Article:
We hope you got the chance to attend GeekGirl Meetup’s phenomenal annual conference, ‘The Way We’re Wired’. It was a deep dive into how tech is changing us - and how we’re shaping tech.
This women in tech initiative brought together a diverse range of female thought leaders from across the industry. Together, they delved into the future of innovation and technology. We’re also changing the way we use technology - from AI to robotics, it’s evolving fast.
Attendees were treated to a day full of speakers sharing their views on how technology is impacting our lives, ranging from dating to mental health.
Sponsored by the Ministry of Justice, among others, this was a groundbreaking day - but don’t worry if you missed it. We’re going to go through the highlights of what happened.
Nancy Fechnay, founder of the The Inspire Movement, spoke about her journey through business and how she ended up going to engineering school. She was one of only a few women.
“I flipped a peppermint patty on what school I was going to. I ended up at engineering school in the university of Virginia, which started me on this path of being one of only a few females in a man’s world, for a long time.”
She started a web design company which ultimately failed but taught her a lot about entrepreneurship. She ended up in venture capital - another male-dominated industry.
She now leads The Inspire Movement which is a movement of entrepreneurs and thought leaders who believe in the power of positivity and sharing stories.
“99% of my time is going into building a movement of inspirational individuals who believe that through our stories and positive thinking we can change our lives and those around us.”
Very inspiring indeed!
Susie Coleman, Associate Developer at Guardian News & Media, taught attendees how to build your own pet robot in 30 minutes.
“We naturally just put emotions onto inanimate objects,” she says as she teaches participants the steps they need to go through to build a robot. “Even for something quite simple, we already start to think it looks like an animal.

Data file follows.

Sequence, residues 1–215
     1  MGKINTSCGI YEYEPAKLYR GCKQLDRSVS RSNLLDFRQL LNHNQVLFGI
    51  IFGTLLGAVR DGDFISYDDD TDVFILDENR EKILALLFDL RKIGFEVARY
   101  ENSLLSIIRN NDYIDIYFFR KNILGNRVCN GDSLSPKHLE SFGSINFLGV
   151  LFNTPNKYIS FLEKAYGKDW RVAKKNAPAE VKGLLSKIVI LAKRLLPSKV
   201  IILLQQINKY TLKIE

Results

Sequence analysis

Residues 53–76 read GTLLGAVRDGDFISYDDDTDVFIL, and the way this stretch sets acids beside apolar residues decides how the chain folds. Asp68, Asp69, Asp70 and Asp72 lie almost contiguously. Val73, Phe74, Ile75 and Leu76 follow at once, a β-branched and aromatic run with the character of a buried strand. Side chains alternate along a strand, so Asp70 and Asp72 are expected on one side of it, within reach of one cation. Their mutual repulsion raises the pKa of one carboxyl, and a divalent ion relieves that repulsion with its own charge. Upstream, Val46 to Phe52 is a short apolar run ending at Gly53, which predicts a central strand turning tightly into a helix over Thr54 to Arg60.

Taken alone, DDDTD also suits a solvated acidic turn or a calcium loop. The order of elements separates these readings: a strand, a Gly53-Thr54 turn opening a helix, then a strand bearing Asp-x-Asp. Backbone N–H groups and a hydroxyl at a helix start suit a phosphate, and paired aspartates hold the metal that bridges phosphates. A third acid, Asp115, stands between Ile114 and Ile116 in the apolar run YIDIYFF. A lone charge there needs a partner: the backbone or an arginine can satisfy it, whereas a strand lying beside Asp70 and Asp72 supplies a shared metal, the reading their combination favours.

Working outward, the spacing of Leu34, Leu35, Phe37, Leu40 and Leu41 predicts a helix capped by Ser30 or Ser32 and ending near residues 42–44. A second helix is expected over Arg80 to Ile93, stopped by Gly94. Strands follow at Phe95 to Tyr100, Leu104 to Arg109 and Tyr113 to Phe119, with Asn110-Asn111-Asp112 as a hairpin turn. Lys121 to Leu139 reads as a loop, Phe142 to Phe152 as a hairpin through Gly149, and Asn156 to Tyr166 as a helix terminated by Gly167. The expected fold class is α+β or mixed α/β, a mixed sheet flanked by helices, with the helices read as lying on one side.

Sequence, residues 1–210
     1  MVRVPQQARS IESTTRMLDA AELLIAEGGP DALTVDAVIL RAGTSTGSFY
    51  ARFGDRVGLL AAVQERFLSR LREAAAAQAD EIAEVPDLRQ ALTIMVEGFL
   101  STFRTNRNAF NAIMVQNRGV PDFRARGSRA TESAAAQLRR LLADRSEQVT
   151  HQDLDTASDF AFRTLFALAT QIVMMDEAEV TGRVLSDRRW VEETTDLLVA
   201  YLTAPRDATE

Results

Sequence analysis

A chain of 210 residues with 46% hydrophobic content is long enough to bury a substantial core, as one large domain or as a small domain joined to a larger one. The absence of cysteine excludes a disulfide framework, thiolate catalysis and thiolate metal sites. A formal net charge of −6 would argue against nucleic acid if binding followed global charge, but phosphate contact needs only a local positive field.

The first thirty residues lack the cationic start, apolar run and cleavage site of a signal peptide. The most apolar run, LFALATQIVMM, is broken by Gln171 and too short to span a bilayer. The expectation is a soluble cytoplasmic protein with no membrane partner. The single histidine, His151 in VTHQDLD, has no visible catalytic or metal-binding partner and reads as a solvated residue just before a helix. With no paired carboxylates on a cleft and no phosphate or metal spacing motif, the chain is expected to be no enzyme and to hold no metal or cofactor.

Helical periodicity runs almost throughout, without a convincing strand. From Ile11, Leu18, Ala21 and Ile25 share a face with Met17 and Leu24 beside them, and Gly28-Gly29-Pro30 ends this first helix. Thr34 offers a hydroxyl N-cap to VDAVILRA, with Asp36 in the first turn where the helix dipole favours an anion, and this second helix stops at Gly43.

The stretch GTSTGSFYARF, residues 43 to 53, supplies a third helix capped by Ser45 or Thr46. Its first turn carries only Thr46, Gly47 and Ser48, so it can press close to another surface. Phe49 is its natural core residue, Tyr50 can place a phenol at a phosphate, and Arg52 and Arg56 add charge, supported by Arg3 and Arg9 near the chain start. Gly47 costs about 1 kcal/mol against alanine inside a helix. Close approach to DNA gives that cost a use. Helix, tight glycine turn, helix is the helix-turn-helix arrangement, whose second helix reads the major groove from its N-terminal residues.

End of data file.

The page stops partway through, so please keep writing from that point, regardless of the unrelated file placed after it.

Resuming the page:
Fabi Pina talked about mastering emoji language and Samantha Ahern talked about data, ethics and the law. Many panel discussions took place on topics ranging from sex and technology to how black lives matter, in the context of social media. Building a diverse work culture was also on the agenda.
Kriselda Rabino, software engineer at Deliveroo and Tanya Powell, software engineer at Gamesys.
Krissy says, “In my university years and in my career, it’s been me as the sole [female] developer. It’s slowly improving but that’s why I love going to female tech meetups.”
“Women in tech tend to not publicise ourselves as much.”
They talked about how they’re getting more women into technology by participating in initiatives like Women Hack for Non-Profits (of which Krissy is a board member) and EmpowerHack.
The conference first started back in 2012 to support more female role models in the UK tech industry, champion diversity and connect people. Just as women can be scarce at mainstream tech conferences, men are also underrepresented at your typical ‘women in tech’ conference.
But it doesn’t have to be this way! To begin to address this issue, GeekGirl organisers simply gave away 20 tickets to ‘GeekGuys’.
They say, “We've seen first hand the under-representation of men in tech at women in tech events... [and] we're often asked by many people how they can create more diverse teams and empower others to get into tech. But what better way to learn than to immerse yourself in a full day of GeekGirl and learn first hand from our attendees!”
There were so many great speakers but you can still take a look at what went on. You can see activity from their hashtag #GGM16 on Twitter and check out some of the livestream videos from the day on Periscope.
Be sure to follow GeekGirl Meetup on Twitter and look out for their next conference in 2017!